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What is going on here with these mushrooms?

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Everybody here is working at fostering fungi growth, but I'm seeming to be going into another direction and I'm not sure what to do with it.
I've recently begun  working another urban garden project, but for the first time in a temperate zone.  I'm originally from the Big Island of Hawai`i (Ahhh! Miss that perpetual springtime!) and we don't have winter kill there.  We can even make annuals into perennials!
A little history first:  Spring of 2020 - Rototilled every square inch of lawn we could find, buried it all under 8 inches of wood chips (free from the city wood lot), Planted my soil block veggies on a square-foot plan.  I had to get some food planted while figuring out what to do. Got a great garden.
Last year was the first season in this climate, then came October!  Arghhh! Everything died!  So disappointing and so cold!  I couldn't even go outside until the temperature reached an unfrosted, non-numbing temperature of 60 degrees!  (Average year-round temp in Kialua-Kona is 72 degrees).
So, being the persistent permie we all are, I started again this spring and after winter mulching with spoiled straw, my soil was looking beautiful though alkaline.  The standard answer was more compost and things began to look a little livelier.
However, while my soil blocks were sprouting, I had to go to Spokane to wish my Mom a joyful transition as she passed away.  And when I returned, I found this: mushrooms covering the woodchips. (see pic attached).  We don't get this in Hawai`i,  We mulch with lava chips (kidding). We're mostly chop and drop folks. We be da lazy, bruh!

So, what are these?  Are they edible? Do I leave them, gather them for compost, or what?  Totally out of my league here. I wanna go home to eternal spring where no fas' fast like here!

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Posts: 92
Location: SW Alabama zone 8a & 8b
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To properly identify mushrooms, we would need an approximate location and close up pics of the top of the cap, the underside and the stem.  You can do a spore print also.  I do not recognize them but I am close to the Gulf of Mexico so not everything grows here.  There are some excellent mushroom id groups on FB.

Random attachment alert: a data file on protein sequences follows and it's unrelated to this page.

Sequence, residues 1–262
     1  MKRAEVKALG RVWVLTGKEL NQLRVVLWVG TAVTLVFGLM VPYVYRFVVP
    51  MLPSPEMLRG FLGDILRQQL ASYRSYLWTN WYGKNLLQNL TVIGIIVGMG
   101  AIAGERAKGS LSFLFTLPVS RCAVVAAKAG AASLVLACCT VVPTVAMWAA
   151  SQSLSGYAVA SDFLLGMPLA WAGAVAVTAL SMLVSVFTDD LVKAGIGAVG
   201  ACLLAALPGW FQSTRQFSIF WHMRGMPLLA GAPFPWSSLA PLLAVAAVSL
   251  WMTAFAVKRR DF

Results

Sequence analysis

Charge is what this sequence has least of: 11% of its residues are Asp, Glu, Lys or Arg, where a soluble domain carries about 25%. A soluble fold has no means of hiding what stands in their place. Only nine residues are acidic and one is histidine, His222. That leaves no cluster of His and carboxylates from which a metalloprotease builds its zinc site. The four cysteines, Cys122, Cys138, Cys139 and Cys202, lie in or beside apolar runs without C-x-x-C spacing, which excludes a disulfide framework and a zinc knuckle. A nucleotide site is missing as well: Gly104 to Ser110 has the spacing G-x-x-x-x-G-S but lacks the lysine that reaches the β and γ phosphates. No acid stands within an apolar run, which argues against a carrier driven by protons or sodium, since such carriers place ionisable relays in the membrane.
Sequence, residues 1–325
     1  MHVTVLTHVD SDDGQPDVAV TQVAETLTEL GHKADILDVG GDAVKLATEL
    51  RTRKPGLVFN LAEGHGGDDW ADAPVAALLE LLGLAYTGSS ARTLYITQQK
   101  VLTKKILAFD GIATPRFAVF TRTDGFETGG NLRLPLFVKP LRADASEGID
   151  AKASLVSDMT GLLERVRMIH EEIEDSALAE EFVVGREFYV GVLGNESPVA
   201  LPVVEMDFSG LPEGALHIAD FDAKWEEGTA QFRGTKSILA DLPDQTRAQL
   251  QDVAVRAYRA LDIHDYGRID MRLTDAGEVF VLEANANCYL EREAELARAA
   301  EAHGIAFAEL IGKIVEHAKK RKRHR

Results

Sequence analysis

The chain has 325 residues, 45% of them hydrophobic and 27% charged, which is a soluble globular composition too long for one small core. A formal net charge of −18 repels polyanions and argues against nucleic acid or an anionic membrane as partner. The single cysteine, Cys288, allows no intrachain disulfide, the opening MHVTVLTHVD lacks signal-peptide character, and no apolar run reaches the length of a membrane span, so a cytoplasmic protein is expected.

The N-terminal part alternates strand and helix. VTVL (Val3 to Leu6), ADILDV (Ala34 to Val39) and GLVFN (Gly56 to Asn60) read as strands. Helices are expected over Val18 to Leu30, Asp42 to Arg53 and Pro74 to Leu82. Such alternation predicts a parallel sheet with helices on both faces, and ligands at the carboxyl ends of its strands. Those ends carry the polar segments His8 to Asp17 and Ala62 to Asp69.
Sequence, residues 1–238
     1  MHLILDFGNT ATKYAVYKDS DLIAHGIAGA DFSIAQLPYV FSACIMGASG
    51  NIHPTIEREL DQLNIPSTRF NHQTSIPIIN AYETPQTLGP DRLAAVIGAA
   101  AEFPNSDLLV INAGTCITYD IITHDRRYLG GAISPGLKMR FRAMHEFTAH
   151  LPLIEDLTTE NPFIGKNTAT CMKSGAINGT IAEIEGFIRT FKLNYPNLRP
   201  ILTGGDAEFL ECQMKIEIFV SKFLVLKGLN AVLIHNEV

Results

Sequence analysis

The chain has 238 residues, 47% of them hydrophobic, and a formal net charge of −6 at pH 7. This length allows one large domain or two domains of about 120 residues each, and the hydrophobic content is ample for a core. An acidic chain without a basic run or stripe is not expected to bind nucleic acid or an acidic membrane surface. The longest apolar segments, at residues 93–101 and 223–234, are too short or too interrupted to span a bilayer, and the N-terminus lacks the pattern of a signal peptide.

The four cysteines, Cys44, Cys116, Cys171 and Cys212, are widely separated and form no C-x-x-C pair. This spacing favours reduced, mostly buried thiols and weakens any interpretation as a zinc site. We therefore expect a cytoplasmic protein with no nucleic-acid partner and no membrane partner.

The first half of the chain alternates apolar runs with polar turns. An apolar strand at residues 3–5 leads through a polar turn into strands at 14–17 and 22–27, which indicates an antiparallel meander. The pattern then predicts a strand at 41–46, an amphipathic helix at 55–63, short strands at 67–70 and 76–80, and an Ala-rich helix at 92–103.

Alan Blue Heron Milinazzo-Barnett
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Since my last picture, I gathered one large green waste container and 3 large construction garbage bags full of mushrooms.  I've got stashed along the pumpkin/melon/cantaloupe patch until I know what I can do with them.  I'd hate to dispose of them off property if there's some usefulness to them.

Here's a couple closeup pictures from the newest batch that showed up after a 3 day rainy period.

I'd appreciate anyone giving me any information on them.  I was unable to fine any info.  Everything I found was about edible mushrooms and foraging.  No need here, the bloody things are everywhere I put don wood chips!
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Posts: 71
Location: Oregon Coast Range Zone 8A
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forest garden fungi bee
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Those mushrooms look a lot like Agrocybe praecox, an extremely common woodchip inhabitant. See if this looks like a match:

http://www.mushroomexpert.com/agrocybe_praecox.html

I see these all the time, they're one of the most common wood chip mushroom. They are not edible and smell awful, at least to me. But they help make great soil.
 
Alan Blue Heron Milinazzo-Barnett
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Thank you!  This info was spot on regarding the description of my mushrooms.

So, I should be able to compost these in my compost pile and be able to spread them under heavy mulch next fall to winter over for 2022.

Am I correct in that assumption?  I really hate let so much organic matter get away from me!
 
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Location: Cape Town
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forest garden tiny house solar
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Yes! Absolutely great to compost, but you really don't need to remove them from your beds- they won't compete with your veggies and may well benefit them. some cool mushroom growers ( I remember seeing a video in another, thread, I think?) try to create ways for edible mushrooms to thrive in beds, but even inedible mushrooms add to the ecological diversity and fertility of your beds. I actively encourage mushrooms in my beds/food forest, and sometimes I get lucky!
 
Alan Blue Heron Milinazzo-Barnett
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They weren’t in my beds but in the walkways I currently have. So, my plan is to to compost then and use them in the sheet mulch at the end of the growing season. I’ll thick layer mulch and amend to bring down the pH to a reasonable level for next spring. Thanks for the help, I really didn’t want to throw all that organic material away.
 
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